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September 22, 1995

September 22, 1995

The Hockey News has been providing the most comprehensive coverage of the world of hockey since 1947. In each issue, you'll find news, features and opinions about the NHL and leagues across North America and the world.

IN THIS ISSUE

Trades force juggling act

Need a quick and easy way to put Pittsburgh’s tumultuous off-season into perspective? Try this: A year ago, the Penguins’ depth chart featured two of the NHL’s premier left wingers, Kevin Stevens and Luc Robitaille. Fast forward to September, 1995, when the Penguins prepared to open camp with Markus Naslund and Tomas Sandstrom on the left side of their top two lines. Both, while versatile, were listed as right wingers as recently as a few months ago. They were forced to relocate after the Penguins traded Stevens to the Boston Bruins and Robitaille to the New York Rangers. Despite losing players such as Stevens, Robitaille and Larry Murphy during a summer of cost-cutting moves, coach Ed Johnston insists he is comfortable with the team. “We think we’re as strong as anyone in the league,” Johnston…

IN THIS ISSUE

Talented center Gordon finallv Rockets’ man

The Kelowna Rockets have engineered a coup by luring center Robb Gordon from the University of Michigan. Gordon, a 19-year-old center, was the Vancouver Canucks’ second-round selection (39th overall) in the 1994 draft. He had 15 goals and 41 points in 39 Central Collegiate Hockey Association games as a freshman last season. “I just wanted to play in more games,” said Gordon, who hails from Murrayville, B.C. “We went pretty much all the way and we only played 39 games. We’d practise five times and then play on weekends. I wanted to get out of that routine.” Gordon left for Vancouver’s training camp Sept. 9, which forfeits his U.S. college eligibility. As of that date, he hadn’t signed an NHL contract or a major junior registration card. If the Canucks sign Gordon, they…

IN THIS ISSUE

Feisty fan favorite Lemieux aoinu to salary arbitration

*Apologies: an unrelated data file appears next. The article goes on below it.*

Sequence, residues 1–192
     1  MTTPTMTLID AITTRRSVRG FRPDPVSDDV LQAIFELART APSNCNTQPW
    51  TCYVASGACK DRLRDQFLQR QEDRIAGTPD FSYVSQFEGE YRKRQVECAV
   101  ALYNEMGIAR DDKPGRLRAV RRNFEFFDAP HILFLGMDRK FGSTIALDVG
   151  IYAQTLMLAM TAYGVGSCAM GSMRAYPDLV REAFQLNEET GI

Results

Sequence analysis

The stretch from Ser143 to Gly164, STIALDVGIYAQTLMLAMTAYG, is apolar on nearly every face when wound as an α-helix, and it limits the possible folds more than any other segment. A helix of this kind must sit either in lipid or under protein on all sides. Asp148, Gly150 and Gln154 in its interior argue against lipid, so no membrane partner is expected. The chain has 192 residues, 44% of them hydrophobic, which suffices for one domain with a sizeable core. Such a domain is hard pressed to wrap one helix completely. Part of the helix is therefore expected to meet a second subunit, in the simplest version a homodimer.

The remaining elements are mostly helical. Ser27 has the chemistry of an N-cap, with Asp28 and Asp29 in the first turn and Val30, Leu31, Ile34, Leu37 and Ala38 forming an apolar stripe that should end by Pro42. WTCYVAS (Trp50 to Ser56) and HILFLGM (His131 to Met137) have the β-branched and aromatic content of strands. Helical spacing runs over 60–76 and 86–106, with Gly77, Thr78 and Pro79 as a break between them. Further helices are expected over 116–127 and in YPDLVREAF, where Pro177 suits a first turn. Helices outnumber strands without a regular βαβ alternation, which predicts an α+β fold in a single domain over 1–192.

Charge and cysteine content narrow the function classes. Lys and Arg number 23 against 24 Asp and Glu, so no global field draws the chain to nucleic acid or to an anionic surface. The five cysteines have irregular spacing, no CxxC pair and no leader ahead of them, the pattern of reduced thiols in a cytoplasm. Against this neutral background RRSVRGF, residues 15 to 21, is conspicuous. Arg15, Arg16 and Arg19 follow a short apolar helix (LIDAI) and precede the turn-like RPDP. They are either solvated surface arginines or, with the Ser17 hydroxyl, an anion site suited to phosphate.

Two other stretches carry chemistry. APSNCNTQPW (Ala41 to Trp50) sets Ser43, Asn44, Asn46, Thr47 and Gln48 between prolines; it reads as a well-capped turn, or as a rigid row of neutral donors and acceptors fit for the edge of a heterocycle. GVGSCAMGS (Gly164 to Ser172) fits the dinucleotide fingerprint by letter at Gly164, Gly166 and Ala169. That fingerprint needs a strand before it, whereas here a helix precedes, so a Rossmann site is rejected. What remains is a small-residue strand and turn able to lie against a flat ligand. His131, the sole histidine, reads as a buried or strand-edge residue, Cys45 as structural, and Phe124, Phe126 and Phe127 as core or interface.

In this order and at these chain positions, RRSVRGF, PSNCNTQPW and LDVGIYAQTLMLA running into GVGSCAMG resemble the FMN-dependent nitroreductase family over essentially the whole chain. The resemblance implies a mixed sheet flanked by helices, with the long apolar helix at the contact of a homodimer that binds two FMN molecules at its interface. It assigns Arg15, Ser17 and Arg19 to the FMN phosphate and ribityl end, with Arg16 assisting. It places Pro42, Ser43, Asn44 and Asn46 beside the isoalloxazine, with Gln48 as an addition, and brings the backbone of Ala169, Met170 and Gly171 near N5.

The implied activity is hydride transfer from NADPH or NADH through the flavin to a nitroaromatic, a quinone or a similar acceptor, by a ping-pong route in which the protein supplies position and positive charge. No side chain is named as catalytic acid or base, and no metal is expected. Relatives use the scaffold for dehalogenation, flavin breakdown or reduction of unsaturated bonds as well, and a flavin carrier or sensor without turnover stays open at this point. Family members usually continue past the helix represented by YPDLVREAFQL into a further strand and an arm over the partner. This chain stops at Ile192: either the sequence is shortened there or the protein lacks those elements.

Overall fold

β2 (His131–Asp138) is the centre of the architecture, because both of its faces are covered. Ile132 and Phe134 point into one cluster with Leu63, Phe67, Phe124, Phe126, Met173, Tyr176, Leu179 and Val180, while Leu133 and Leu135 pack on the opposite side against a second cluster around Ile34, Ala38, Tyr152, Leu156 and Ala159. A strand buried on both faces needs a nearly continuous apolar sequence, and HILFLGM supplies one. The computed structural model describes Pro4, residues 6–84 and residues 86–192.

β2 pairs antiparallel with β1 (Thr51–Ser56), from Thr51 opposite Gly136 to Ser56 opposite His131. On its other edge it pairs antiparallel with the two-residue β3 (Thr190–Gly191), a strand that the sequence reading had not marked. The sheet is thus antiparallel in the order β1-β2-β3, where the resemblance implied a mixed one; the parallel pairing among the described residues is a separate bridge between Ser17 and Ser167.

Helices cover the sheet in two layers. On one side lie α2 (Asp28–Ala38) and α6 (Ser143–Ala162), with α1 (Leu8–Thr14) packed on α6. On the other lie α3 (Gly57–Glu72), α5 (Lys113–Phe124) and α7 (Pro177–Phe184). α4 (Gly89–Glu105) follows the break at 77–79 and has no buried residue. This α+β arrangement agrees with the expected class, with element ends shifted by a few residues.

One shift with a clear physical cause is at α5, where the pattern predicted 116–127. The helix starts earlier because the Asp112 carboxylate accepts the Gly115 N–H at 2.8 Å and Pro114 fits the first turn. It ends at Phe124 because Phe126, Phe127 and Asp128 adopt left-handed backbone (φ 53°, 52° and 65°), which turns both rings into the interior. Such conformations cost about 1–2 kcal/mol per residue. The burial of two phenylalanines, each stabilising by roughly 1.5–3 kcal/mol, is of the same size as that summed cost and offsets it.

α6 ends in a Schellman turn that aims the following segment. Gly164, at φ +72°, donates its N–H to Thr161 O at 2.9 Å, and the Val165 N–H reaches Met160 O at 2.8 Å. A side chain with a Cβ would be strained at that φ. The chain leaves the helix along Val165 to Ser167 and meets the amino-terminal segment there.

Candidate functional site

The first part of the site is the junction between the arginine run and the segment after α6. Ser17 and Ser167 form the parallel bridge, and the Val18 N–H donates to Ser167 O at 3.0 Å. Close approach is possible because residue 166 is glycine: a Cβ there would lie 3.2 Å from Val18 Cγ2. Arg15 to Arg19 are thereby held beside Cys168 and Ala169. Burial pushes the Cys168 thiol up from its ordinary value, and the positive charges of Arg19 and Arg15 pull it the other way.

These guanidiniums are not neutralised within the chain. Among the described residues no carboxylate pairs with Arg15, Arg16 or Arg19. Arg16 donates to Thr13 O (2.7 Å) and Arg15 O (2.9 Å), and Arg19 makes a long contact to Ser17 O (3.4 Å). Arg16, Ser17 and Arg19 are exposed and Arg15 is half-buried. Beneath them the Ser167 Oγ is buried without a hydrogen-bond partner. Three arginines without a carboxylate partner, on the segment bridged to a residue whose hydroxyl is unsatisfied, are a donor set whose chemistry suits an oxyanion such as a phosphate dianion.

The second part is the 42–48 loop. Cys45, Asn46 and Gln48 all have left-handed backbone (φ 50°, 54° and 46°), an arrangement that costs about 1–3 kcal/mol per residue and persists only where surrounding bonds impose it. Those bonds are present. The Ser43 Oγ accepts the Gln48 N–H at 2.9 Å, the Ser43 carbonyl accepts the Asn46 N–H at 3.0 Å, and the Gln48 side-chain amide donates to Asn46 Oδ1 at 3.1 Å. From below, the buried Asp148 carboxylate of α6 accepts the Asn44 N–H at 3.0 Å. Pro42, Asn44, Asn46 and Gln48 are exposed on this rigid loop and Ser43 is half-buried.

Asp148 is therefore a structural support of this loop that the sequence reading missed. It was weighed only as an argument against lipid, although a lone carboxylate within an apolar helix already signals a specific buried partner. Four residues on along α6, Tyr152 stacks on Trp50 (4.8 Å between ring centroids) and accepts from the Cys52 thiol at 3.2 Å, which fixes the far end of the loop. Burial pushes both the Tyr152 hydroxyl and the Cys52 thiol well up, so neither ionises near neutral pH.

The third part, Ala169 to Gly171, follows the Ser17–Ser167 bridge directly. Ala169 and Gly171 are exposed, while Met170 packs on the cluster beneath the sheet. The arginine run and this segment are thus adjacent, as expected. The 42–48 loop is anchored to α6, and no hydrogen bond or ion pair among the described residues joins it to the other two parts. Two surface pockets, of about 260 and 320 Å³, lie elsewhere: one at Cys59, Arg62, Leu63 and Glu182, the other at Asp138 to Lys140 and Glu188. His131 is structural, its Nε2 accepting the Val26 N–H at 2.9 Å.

The Hartford Whalers and Jocelyn Lemieux’s agent have tendered their final offers. That means Lemieux, a restricted free agent, is the only Whaler headed for something neither side wants—salary arbitration. So much for being Favorite Whaler. The hearing is set for Sept. 23. The Whalers wanted it to be Sept. 2, but Lemieux’s agent, Steve Freyer, said it wasn’t a good weekend. Whalers’ GM Jim Rutherford wanted the hearing held before camp started Sept. 10. “Jocelyn thought he had found a home in Hartford,” Freyer said. “But the numbers they’ve offered haven’t been at the level we think they should be. We don’t really want to go to arbitration.” Lemieux. 27, earned $350,000 last season. He is asking for a one-year deal worth less than the NHL average salary ($733,000 last season), because that would…

IN THIS ISSUE

Key players could sit out

Washington Capitals’ GM David Poile is resigned to starting training camp this season without two of his major offensive cogs, right winger Peter Bondra and center Michal Pivonka. Both players are Group II free agents represented by Edmonton-based agent Rich Winter. Neither has reportedly been offered a contract by another team, which appears to be part of a continuing trend in the NHL. Poile said he had not spoken to Winter since prior to the NHL draft July 12 in Edmonton. “(Winter) sent me a fax asking me to do something, which I couldn’t do,” Poile said, refusing to reveal the details in Winter’s fax. “He said if I couldn’t do that, then he couldn’t negotiate. So that’s where we are-he said he wouldn’t negotiate.” How important the pair is to the Capitals is…